In normal conversation we don't use such short phrase. They are correct grammatically but this is incomplete sentence. In both german and polish lenguages we don't recognize this by verb but other part of sentence some example now, at the moment, always. When we learn english we can't uderstand why you distinguish this by verb, for us this unnessessery complication. ex. Ich trinke Milch jeden Tag (every day) You can't translate I'm drinking milk that will be incorrect.
In German we don't really make a difference between "we eat" and "we are eating". If you want to emphasize that you are eating right now you can say "Wir essen gerade"
I'd say the difference is if you say "Wir essen gerade Tomaten" then you're just now in the process of eating tomatoes (so it corresponds with the English present continuous). If you say "Wir essen jetzt Tomaten" it would be more like "We'll start eating tomatoes now". Though tbh it sounds to me most like there was an argument about what we were going to eat, tomatoes or cucumbers, and I'm tired of the discussion and making an executive decision by saying: "Wir essen jetzt Tomaten! Basta!"
As fact in english exist 4(four) present tenses. But only the simple is important. Becouse only it has a verb which shows us an action. In another forms the roule of basic verb is reloaded to auxiliary verbs ( be, have, have been) . I can geve you an advise for beter understanding to learn rusian and try to translate every word not in sentence. ( sorry I have not learned english good enought yet). But I can think about things no matter wich language was used for their description.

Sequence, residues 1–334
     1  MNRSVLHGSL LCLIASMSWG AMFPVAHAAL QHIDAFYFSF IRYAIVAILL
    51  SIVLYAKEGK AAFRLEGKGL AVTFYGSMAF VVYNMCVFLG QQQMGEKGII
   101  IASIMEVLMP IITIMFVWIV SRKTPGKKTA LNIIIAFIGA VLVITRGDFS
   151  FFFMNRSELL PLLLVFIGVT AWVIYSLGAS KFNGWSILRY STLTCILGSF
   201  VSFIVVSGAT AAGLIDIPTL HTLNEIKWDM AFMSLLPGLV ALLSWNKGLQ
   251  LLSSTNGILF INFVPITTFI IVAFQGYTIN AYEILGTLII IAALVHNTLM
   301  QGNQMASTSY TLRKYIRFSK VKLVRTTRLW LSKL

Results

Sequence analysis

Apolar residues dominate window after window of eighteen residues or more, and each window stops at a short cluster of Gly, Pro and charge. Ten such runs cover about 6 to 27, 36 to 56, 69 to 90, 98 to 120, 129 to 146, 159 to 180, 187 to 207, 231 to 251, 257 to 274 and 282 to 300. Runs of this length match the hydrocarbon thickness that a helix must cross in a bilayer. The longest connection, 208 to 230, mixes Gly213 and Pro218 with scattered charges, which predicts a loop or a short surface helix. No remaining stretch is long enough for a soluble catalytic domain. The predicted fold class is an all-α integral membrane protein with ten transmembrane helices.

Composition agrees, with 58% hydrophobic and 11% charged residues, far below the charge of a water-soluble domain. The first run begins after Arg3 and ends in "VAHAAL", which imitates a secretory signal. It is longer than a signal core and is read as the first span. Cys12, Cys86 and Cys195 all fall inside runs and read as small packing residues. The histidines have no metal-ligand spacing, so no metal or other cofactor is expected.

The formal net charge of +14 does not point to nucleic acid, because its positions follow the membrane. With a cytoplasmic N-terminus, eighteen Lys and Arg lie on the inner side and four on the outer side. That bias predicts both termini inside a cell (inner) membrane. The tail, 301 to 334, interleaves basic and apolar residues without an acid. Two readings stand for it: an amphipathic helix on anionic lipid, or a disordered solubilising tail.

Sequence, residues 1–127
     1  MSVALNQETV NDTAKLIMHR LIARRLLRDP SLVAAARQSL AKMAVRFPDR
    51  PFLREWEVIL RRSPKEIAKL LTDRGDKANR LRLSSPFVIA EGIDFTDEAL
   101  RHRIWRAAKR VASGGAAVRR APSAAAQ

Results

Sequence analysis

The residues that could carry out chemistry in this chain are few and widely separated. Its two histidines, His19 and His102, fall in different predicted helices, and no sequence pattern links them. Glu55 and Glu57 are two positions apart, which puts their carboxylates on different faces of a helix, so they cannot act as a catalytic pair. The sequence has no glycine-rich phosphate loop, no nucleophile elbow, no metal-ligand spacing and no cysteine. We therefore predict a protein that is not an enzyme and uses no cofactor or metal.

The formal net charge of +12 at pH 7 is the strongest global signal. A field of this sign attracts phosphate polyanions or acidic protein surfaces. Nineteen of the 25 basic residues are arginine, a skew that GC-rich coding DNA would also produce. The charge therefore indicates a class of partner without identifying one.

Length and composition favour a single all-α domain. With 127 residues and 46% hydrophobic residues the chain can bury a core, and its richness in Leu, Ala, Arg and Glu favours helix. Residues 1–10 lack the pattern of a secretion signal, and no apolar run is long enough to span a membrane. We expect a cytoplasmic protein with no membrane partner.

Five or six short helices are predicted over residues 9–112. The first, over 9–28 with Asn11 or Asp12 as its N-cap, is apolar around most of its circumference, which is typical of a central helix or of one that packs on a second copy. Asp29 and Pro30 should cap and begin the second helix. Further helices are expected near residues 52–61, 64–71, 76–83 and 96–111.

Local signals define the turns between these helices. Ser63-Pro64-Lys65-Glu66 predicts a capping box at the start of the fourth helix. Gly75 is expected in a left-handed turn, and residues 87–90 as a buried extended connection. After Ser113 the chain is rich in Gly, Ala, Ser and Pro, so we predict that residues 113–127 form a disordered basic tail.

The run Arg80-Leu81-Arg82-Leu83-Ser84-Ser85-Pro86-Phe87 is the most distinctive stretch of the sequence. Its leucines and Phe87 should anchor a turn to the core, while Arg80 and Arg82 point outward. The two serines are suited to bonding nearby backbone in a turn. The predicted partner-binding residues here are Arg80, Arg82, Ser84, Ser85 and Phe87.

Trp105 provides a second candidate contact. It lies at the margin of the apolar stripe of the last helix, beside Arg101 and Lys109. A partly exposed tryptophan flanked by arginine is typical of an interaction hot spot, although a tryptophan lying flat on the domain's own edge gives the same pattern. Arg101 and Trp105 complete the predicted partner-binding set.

Can this mean "we eat tomatoes on a regular basis" or "we don't have a principle against eating tomatoes"? Are there better ways of expressing these ideas? Because this simple present tense form can have many meanings in English, but I'm wondering if they are transferred to German.
And again. My russian halps me to understand the difference betwen esse and fresse. The "fresse" word has a tweens in russian. It sounds like "жрать". It is used when we say it together with an animal or with a human ( for example who is realy drunk) or with someone who is realy hated by us and we try to say something rough about him.
In German, do you have to include pronouns when conjugating verbs? For instance: Do I have to say "Ich esse Tomaten" or can I just say "Esse Tomaten"? What if there's a specific person? Can I say "Bobby isst Tomaten" or do I have to say "Bobby er isst Tomaten"?
Also, separate question, why wouldn't Tomaten trigger the accusative, isn't Tomaten the direct object? What is the accusative of Tomaten?